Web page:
“The quarterback run game is a very big part of what we do. Missed a couple of opportunities early in the season where he could have pulled the ball,” tackle Jalen Mayfield said. “But he’s done an unbelievable job of looking at film and picking up on the things he did wrong early in the season. For him being as big of a leader as he is in the locker room, I think him just asserting himself is going to be a big part of our success.”

Everyone is on the same page when it comes to Patterson running the football more, it’ll be a big part of the offense in the weeks ahead. It’s an added wrinkle defenses can no longer ignore, the frequency of Patterson pulling the ball will be at a higher clip now than it was early in the season.

“That’s opened up a big lane for us in terms of the offense,” tight end Nick Eubanks said. “Once he does those Shea things, he’s more comfortable. He’s doing what he does best.”

Not only has it opened up a big lane for the offense so to speak, Shea being allowed to do Shea things makes him more confident as a passer too. Some quarterbacks need to run around to get them at a level to where the speed of the game itself doesn’t phase them. Patterson running the football can actually help him as a passer in terms of aggressiveness and getting the football out quick, and surveying the field in a faster manner. It helps Patterson in situations where the pocket is collapsing and he needs to get out of dodge. There’s a mental wiring in the DNA of a dual-threat QB that makes one aggressively move up and out of trouble to extend a play in the passing game. A major plus of Patterson’s game is that ability, scrambling when the pocket is no longer clean and moving to the sideline while keeping his eyes up-field in hopes of finding an open receiver for a big play.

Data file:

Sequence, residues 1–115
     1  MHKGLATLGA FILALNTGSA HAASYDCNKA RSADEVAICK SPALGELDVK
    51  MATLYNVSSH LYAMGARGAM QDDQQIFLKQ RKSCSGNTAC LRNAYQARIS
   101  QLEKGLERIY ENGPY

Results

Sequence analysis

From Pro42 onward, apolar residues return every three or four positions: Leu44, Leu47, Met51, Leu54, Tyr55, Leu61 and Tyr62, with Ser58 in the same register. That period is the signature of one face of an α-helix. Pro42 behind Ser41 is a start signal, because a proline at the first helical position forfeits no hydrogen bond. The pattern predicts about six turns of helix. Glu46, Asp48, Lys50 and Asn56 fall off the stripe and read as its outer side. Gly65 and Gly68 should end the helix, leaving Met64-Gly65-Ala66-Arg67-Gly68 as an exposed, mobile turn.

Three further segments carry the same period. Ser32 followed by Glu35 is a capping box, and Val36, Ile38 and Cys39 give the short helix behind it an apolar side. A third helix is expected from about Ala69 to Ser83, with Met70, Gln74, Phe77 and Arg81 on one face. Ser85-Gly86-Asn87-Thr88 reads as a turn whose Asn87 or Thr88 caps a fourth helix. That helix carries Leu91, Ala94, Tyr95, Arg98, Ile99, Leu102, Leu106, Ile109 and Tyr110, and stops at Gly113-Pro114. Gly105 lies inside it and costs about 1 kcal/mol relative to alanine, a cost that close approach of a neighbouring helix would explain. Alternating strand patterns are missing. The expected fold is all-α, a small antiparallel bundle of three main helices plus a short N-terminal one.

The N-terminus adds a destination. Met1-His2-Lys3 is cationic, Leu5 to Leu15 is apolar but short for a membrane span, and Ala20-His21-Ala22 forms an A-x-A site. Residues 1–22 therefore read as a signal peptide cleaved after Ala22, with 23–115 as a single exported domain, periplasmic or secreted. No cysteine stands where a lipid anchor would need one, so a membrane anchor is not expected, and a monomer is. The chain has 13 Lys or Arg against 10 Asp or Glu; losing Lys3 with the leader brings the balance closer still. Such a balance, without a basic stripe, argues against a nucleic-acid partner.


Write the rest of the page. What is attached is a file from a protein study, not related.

Patterson said after the Penn State game that it was the most healthy he has been all year, and that explains why we’re seeing him run more, be it to buy more time to throw, or on read-option runs.

“I thought Shea was really fast,” Harbaugh said of Patterson’s showing versus Notre Dame. “It was his fastest game he’s played as a runner. Just moving around, scrambles, he looked really quick and fast. It helped a lot.”

This is the final stretch of the season for Michigan, there’s only four more games on the regular season schedule, and it’s full systems go for Patterson as a dual-threat QB. There’s no restrictions, no red light, if he needs to scramble he’s going to, if he should pull the football, he’s probably going to. And I contend the fact that he’s running the football more and will continue to will lead to better performances from Patterson through the air as well. Just like humans need oxygen and water to survive, for a dual threat QB like Patterson, read-option runs and scrambling aid his aggressiveness and effectiveness as a passer. He needs both in his repertoire to be who he truly is, that’s when Shea Patterson is at his best.